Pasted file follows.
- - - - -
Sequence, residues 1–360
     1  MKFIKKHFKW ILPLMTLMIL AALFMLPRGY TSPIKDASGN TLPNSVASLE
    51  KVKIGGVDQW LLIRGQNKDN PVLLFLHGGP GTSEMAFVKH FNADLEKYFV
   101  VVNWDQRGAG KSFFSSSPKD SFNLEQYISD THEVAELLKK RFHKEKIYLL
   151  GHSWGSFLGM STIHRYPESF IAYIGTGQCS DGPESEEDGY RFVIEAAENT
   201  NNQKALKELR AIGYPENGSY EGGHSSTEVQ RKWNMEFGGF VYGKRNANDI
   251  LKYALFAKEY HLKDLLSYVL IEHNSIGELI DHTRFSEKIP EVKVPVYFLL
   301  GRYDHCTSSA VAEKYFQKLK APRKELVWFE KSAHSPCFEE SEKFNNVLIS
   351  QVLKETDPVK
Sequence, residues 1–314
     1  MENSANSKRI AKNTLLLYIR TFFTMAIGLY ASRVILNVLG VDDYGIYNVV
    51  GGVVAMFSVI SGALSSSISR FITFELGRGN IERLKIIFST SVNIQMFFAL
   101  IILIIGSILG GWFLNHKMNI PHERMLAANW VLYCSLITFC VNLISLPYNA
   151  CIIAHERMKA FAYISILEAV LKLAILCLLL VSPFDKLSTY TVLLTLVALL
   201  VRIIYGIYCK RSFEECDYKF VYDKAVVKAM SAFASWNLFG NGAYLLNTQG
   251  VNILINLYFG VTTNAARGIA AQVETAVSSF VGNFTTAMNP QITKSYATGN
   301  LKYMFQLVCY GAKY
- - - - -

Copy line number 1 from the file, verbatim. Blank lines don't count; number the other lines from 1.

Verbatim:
Sequence, residues 1–360